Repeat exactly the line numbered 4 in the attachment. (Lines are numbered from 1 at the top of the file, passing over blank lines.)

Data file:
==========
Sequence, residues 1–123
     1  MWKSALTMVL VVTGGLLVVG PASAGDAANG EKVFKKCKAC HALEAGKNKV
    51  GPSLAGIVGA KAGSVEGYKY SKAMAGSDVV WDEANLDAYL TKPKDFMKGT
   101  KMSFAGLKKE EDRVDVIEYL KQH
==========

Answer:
   101  KMSFAGLKKE EDRVDVIEYL KQH